The hollow o-ring provides a seal, while still having the necessary flexibility to prevent transmission of vibrations from the Stirling engine to the burner.
Examples of Stirling engine assemblies constructed in accordance with the present invention will now be described with reference to the accompanying drawings, in which:
Most aspects of the Stirling engine assembly are well known in the art, and will not be described in detail here.
The assembly comprises two main components, namely the Stirling engine 1 and the burner assembly 2 which surrounds the head of the engine. Gas is supplied to the burner assembly and is ignited at outlet 3 to heat fins 4 a, 4 b on the head of the engine 1. The fins comprise a number of annular fins 4 a, and a number of vertical fins 4 b arranged around the head as disclosed in the co-pending Application No. GB 0020012.1. Once the exhaust gases have passed through the fins, they pass out through the exhaust gas outlet 5.
The engine 1 is mounted on an engine support 6 and is held in place by a clamping ring 7.
The sealing arrangement comprises a downwardly depending annular blade 8 which is attached to the lower surface of the burner 2 by a plurality of fasteners 9 each protected by a ceramic paper gasket 10. The blade may be, for example, steel or ceramic. An annular trough 11 is fastened around the engine housing 6 by a plurality of fasteners 12 similarly protected by ceramic paper gaskets 13. The trough 11 is filled with a viscous liquid 14 such as a commercially available silicone valve seal compound suitable for operation over a range of temperatures, e.g. from −40° C. to 300° C. and chemically resistant to the burner gases. The boiling point of the sealant must be above the operating temperature of the seal, in this case it must be above 300° C. The blade 8 dips into the viscous liquid 13 but is held clear of the bottom of the trough, such that the viscous liquid provides a barrier between the heater head and the surroundings. An O-ring 15 surrounds the blade 8 and locates above the viscous liquid 14 so as to maintain radial alignment between the engine 1 and the burner 2. Although the O-ring is shown on the radially outer side of the blade 8 it could alternatively or additionally be provided on the radially inner side.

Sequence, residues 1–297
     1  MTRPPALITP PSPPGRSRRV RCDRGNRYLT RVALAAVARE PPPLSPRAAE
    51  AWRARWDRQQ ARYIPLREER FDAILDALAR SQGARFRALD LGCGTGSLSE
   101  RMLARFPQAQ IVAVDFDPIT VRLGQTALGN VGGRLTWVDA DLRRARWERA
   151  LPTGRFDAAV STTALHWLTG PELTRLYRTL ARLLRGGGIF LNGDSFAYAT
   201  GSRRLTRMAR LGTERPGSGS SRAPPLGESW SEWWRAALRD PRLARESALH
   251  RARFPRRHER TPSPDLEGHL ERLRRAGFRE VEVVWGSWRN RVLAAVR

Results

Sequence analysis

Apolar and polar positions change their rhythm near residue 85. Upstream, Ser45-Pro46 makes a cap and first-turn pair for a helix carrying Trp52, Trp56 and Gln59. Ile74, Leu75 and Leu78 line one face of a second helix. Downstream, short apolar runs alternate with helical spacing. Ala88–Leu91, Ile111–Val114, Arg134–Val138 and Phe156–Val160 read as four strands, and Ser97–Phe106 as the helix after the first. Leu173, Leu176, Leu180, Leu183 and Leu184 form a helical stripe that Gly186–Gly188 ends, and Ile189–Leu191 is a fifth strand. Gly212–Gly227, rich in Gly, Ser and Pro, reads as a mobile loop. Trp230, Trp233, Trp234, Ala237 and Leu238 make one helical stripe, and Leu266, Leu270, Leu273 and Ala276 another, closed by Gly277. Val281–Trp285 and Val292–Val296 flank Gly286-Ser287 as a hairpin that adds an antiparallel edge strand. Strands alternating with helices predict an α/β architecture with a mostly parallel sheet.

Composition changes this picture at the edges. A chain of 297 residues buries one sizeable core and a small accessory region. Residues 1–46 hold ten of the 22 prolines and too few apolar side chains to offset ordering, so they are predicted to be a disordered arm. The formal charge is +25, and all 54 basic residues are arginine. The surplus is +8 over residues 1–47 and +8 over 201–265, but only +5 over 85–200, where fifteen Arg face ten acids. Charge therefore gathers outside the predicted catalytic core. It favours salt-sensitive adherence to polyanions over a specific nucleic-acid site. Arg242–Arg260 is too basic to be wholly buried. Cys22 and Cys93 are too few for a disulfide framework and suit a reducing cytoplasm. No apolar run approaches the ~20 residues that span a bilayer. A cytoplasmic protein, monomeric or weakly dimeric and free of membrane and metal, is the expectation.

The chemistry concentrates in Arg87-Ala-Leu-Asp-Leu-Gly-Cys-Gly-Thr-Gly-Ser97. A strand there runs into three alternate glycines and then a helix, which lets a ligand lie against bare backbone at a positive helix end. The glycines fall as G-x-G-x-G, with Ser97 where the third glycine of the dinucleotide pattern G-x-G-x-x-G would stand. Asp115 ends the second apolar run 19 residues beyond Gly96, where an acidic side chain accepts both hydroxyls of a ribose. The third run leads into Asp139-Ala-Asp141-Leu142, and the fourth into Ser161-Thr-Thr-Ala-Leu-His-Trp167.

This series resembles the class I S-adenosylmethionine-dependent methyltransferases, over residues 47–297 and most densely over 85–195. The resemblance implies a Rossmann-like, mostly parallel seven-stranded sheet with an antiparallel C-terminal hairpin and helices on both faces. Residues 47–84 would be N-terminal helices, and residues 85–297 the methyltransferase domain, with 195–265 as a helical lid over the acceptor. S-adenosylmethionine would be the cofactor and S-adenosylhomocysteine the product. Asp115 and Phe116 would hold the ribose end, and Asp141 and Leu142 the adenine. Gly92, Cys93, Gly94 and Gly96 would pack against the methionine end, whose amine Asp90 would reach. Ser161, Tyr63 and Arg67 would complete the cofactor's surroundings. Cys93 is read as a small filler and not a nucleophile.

The space between the engine 1, burner 2 and seal assembly beneath the fins 4 a is filled with insulation, such as ceramic paper insulation 16 so as to protect the seal assembly from the full burner temperature. The insulation extends into a gap 17 between the engine 1 and the engine support 6. An annular heat shield (not shown) may alternatively or additionally be provided.
An arrangement according to the second aspect of the invention is shown in
A further alternative is shown in
The o-rings used in
Although not shown in